The Journal of San Diego History
SAN DIEGO HISTORICAL SOCIETY QUARTERLY
Spring 1984, Volume 30, Number 2
Thomas L. Scharf, Managing Editor
By Syd Love
Jacob Weinberger Award
San Diego History Center 1983 Institute of History
Images from this article
“IT has been said that he could have had no motive for killing that poor woman who was alone and defenseless in the little tent-no motive for taking her life as she stood with hands upraised. No motive which would cause him to sever the tie which bound her to this life. No motive for his hellish deed! Can you read the motive on his face? Look in his treacherous eyes and on his brow, which bears the curse of his maker as plainly as it was ever borne by Cain!”
With this dramatic passage and other comments in his closing argument nearly a century ago, San Diego County District Attorney A.H. Sweet helped convince a jury that the suspect was guilty of first-degree murder. All evidence had been circumstantial. But Sweet’s magnificent Victorian spiel and other facets of his presentation won the case for him.1
Still, public office displeased A.H. Sweet, and when his term ended he never sought it again. Instead, he turned to corporation law and the laws of water and real estate. Now, almost sixty years after his death, it can still be said that few lawyers have earned the stature-the esteem, the affection, the renown-of Adelbert Hiram Sweet.
By the time he died, Sweet had participated in most of the important litigations of the county during the previous quarter century and was, according to a tribute from his peers, “easily the leader of the bar.” Law historian Leland G. Stanford wrote that Sweet was “the community’s outstanding lawyer for various public utilities.”2
Samuel F. Black in his history of San Diego County wrote of A.H. Sweet: “He is a strong and forceful advocate well versed in the underlying principles of his profession and with a broad general knowledge which forms an excellent foundation for his legal reading.”3
Sweet enjoyed warm friendships and prosperous working relationships with men of both major political attitudes-he was a Democrat for a while, later a Republican leader-and his corporate clients included Union Title, Santa Fe Railroad, San Diego Savings Bank, Consolidated Gas and Electric Company, of which he was a vice president, and A.G. Spalding, the sporting goods manufacturer who also developed the Loma Portal and Sunset Cliffs sectors of Point Loma.4
However, his term as district attorney also stands out, for his successful prosecutions as well as for the rare fight in order to be seated.
Martin Luther Ward5 was completing a four-year term as district attorney when, on November 6, 1894, William Darby was elected to succeed him. Darby’s term would commence on January 7, 1895, when Ward’s expired and when a new county board of supervisors also was to be seated. But on December 15, 1894, Darby hanged himself.6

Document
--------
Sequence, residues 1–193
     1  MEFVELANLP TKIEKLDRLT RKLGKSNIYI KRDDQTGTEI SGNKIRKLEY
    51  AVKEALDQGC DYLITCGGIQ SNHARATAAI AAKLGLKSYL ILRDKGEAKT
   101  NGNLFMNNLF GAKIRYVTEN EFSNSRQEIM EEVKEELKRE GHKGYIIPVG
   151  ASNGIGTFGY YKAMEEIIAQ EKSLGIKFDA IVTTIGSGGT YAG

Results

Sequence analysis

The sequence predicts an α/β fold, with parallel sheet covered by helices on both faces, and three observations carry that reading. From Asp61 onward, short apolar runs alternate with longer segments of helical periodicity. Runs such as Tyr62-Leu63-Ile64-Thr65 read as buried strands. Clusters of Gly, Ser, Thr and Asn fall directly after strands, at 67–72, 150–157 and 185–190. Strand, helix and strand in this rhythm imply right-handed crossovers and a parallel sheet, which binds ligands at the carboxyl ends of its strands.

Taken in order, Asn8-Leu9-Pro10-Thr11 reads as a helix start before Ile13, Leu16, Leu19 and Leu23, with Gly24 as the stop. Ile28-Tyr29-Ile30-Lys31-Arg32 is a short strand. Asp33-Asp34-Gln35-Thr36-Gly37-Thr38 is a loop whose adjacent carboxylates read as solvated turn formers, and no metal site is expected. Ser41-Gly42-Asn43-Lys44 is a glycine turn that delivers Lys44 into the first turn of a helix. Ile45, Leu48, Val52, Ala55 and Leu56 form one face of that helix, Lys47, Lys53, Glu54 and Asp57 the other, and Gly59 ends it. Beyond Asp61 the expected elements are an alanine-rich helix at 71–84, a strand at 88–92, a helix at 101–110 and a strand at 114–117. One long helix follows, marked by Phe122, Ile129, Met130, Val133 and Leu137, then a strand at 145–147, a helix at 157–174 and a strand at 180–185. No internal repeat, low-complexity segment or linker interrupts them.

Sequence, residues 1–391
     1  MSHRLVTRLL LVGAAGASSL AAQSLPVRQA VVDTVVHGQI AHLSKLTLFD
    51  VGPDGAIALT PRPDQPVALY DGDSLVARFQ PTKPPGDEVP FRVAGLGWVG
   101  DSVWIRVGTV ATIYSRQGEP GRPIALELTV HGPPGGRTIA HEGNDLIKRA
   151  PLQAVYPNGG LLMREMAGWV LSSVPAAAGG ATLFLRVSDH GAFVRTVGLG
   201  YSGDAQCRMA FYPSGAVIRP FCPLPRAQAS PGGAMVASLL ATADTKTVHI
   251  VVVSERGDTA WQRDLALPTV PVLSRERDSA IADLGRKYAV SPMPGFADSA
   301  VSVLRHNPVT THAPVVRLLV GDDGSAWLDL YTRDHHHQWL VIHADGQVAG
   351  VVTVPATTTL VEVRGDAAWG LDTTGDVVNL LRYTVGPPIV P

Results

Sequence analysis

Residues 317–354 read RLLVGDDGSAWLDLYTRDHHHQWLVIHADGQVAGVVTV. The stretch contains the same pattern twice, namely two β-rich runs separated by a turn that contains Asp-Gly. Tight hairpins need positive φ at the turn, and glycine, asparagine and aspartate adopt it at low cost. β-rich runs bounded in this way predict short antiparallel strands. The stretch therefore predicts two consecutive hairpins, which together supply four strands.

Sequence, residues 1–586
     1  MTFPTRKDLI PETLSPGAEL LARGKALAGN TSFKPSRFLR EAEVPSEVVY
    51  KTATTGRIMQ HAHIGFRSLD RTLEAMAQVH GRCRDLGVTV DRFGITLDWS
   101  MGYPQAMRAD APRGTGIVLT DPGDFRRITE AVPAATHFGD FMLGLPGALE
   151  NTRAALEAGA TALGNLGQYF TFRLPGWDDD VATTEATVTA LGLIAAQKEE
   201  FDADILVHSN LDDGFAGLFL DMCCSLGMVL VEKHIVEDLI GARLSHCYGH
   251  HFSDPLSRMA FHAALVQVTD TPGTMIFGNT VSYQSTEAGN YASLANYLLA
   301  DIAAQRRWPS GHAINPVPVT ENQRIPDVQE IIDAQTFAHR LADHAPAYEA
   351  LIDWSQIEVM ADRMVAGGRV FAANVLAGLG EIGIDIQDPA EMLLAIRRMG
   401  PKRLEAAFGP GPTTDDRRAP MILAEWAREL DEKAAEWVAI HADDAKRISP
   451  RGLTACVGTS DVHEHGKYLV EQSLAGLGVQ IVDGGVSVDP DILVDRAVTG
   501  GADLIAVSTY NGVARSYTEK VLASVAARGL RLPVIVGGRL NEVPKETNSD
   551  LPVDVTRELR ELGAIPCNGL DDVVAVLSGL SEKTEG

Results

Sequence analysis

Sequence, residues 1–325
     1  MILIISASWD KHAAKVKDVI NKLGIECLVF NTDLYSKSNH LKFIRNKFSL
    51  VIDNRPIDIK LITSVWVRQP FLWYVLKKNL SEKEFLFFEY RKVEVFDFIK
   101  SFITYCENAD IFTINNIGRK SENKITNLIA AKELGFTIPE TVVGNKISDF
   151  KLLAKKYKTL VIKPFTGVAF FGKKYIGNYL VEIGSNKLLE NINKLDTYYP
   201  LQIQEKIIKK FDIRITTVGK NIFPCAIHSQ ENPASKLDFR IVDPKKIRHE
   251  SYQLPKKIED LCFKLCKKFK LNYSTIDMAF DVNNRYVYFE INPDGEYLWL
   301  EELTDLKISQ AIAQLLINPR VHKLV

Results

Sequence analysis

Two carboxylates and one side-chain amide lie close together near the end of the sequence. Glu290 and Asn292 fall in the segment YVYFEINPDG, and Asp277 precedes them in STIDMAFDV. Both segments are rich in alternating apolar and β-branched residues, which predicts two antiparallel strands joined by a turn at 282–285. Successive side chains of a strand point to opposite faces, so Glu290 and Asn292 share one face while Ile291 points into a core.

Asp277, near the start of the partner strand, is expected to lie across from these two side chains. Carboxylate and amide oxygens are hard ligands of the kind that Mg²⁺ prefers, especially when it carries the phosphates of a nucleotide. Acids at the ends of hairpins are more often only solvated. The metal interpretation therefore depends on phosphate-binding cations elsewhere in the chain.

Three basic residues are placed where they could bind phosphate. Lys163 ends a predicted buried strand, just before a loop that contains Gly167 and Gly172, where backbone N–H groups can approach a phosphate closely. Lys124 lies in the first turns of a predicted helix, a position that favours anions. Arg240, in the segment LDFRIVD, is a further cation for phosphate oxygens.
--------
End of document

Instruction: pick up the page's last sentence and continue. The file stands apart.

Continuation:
The supervisors reasoned that because Darby had filed his bond for office, he had become an incumbent. Therefore his death created a vacancy. Ward filed for the position, turning in a petition with the required thirty names of qualified voters. On January 2, 1895, the board heard several petitions opposing the appointment of a district attorney before the term was to start. One opinion, prepared at the request of the Populist County Central Committee, was from attorney Harry S. Utley. It said “. . . how can (Mr. Darby) be officially dead before his term commences?”7
Another petition noted that Ward’s present term was still in effect and quoted “lawyers” as saying: “No valid appointment can be made to an office in possession of an incumbent whose term has not yet expired.” Despite these arguments, the board named Ward by a 3-2 vote to succeed himself. Five days later, however, John Griffin and William Justice replaced two outgoing board members. Griffin promptly presented a petition pointing out that William Darby had been elected district attorney but had died and that a vacancy existed. Griffin called on the board to appoint someone to replace Darby. A.G. Nason seconded Griffin’s motion. Then: “He quickly withdrew his second, appearing to have forgotten that he was mainly responsible for the election of Mr. Ward to the same position last week. His mistake caused a laugh.”8
Someone else seconded Griffin’s motion. The chairman called for reading petitions of those seeking the appointment. They were from Sweet, from Ward, from Lenden L. Boone,9 and Christopher F. Holland.10 On the first ballot, Sweet, who was U.S. commissioner, won the required three votes. Boone and Holland drew one vote each. Ward was without support.11 But he would not step aside.
Sweet wrote Ward a polite letter demanding control of the office. Ward replied in writing, also polite, that he was district attorney “and cannot lawfully abdicate said office in favor of any person whomsoever.” So, Sweet filed a complaint with the state attorney general’s office, calling for Ward’s ouster. The case was assigned to Department 1 of the Superior Court in San Diego, and presiding there was Elisha Swift Torrance.12 Ward and Torrance were Republicans. Sweet was a Democrat that year.13 But Torrance ruled for Sweet, and the California Supreme Court, also Republican, sustained him. The Sun wrote: “The Sun presents its compliments . . . He has the brains, courage, and resolution to so administer the functions of his important office as to honor his county, himself, and the Democratic party.”14